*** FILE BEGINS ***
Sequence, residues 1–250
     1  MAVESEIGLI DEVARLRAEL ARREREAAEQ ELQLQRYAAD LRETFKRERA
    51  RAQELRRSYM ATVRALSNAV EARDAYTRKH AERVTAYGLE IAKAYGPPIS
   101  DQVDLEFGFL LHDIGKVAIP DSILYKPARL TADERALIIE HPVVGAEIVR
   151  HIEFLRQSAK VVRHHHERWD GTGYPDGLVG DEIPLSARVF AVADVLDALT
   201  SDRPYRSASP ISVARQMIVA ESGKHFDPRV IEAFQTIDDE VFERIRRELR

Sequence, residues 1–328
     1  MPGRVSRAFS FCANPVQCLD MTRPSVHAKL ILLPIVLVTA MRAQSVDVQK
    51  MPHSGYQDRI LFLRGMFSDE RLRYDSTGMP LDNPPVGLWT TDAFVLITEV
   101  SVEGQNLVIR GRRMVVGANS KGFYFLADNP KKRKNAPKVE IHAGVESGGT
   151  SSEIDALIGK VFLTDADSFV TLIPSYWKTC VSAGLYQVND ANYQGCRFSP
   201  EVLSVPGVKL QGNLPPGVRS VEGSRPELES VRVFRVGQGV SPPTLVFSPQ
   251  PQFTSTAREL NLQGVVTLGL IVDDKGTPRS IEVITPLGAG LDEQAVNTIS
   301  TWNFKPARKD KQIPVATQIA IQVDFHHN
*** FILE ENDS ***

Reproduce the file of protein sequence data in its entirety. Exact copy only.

Sequence, residues 1–250
     1  MAVESEIGLI DEVARLRAEL ARREREAAEQ ELQLQRYAAD LRETFKRERA
    51  RAQELRRSYM ATVRALSNAV EARDAYTRKH AERVTAYGLE IAKAYGPPIS
   101  DQVDLEFGFL LHDIGKVAIP DSILYKPARL TADERALIIE HPVVGAEIVR
   151  HIEFLRQSAK VVRHHHERWD GTGYPDGLVG DEIPLSARVF AVADVLDALT
   201  SDRPYRSASP ISVARQMIVA ESGKHFDPRV IEAFQTIDDE VFERIRRELR

Sequence, residues 1–328
     1  MPGRVSRAFS FCANPVQCLD MTRPSVHAKL ILLPIVLVTA MRAQSVDVQK
    51  MPHSGYQDRI LFLRGMFSDE RLRYDSTGMP LDNPPVGLWT TDAFVLITEV
   101  SVEGQNLVIR GRRMVVGANS KGFYFLADNP KKRKNAPKVE IHAGVESGGT
   151  SSEIDALIGK VFLTDADSFV TLIPSYWKTC VSAGLYQVND ANYQGCRFSP
   201  EVLSVPGVKL QGNLPPGVRS VEGSRPELES VRVFRVGQGV SPPTLVFSPQ
   251  PQFTSTAREL NLQGVVTLGL IVDDKGTPRS IEVITPLGAG LDEQAVNTIS
   301  TWNFKPARKD KQIPVATQIA IQVDFHHN